25th Anniversary of the Americans with Disabilities Act
Guest Blog by Director of the Office of Equal Employment Opportunity and Diversity Bismarck Myrick
At the United States Patent and Trademark Office, (USPTO) we derive our strength from the vast array of backgrounds and experiences of our employees, including those with disabilities. We are proud to be one of the most diverse workforces in the federal government, ranked the #2 best place to work in the federal government for employees with disabilities as well as the #2 place to work overall in the agency subcomponents class by the Partnership for Public Service in 2015. On the 25th Anniversary of the ADA, it is important to re-dedicate ourselves to providing equality of opportunity and to eradicating myths, fears, and stereotypes about people with disabilities.
The USPTO takes an innovative approach to accessibility in the workplace. In August 2014, we deployed an online, self-service system called Accommodation Point, which initiates and manages reasonable accommodation requests from employees and job applicants with disabilities. The system makes requesting, evaluating, and deploying requests for reasonable accommodations easier and more efficient. This is a unique system within the federal government, and the only system known to be in use by a federal agency that allows job applicants to easily and electronically request an accommodation needed for pre-hiring situations, such as a sign language interpreter or wheelchair escort during job interviews.
According to the most recent U.S. Census Bureau data, 1 in 5 Americans had a disability, and 1 in 10 had a severe disability that substantially limits one or more basic life activities. The most recent study on disability employment, the Kessler Foundation 2015 National Employment and Disability Survey, showed that the most requested accommodation for people with disabilities in the workplace is a flexible schedule or the ability to work from home. At the USPTO, our employees are able to take advantage of these benefits regardless of disability status.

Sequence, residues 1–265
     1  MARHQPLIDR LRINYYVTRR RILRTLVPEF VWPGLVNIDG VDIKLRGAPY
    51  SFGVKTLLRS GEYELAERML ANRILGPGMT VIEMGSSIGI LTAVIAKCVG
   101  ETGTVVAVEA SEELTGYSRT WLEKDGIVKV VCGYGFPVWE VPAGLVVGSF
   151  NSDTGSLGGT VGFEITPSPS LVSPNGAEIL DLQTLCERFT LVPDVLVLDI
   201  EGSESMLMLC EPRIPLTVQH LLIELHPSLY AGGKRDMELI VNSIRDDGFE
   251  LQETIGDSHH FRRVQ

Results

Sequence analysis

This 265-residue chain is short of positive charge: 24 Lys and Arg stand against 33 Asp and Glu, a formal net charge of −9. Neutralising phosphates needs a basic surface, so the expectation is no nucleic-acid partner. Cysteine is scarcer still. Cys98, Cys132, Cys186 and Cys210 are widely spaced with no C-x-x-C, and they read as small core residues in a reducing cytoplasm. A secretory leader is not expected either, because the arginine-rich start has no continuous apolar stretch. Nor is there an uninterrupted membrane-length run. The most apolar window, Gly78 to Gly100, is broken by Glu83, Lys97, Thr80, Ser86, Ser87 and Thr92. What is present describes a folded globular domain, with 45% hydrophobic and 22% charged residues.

The USPTO sees hiring disabled employees as a smart business decision. The USPTO relies on a highly trained, specialized workforce to carry out our mission to protect innovation in the United States and provide global leadership in intellectual property policy. The USPTO recognizes that people with disabilities are an incredibly important talent pool that goes underutilized.
Both in the private and public sectors, people with disabilities in the workplace tend to go underreported and under-accommodated. Oftentimes, employees with disabilities do not come forward with requests until their performance has been significantly affected and their jobs are in jeopardy. The reason for this hesitance is varied, from employee fear that an accommodation will negatively impact their organization to pre-existing negative attitudes in the workplace regarding disability. Sometimes, employees will not request an accommodation because they perceive the process to be a greater inconvenience than the lack of accommodation.
The key is to empower employees to understand how and when to request an accommodation so that they can continue to perform at an acceptable level before a major problem arises. Accommodation Point at the USPTO helps facilitate this, and provides employees and prospective employees with disabilities the tools and resources they need to excel in their positions and contribute to the agency’s mission. To learn more, visit the Office of Equal Employment Opportunity and Diversity page of the USPTO website.
Posted at 03:15PM Jul 27, 2015 in ip |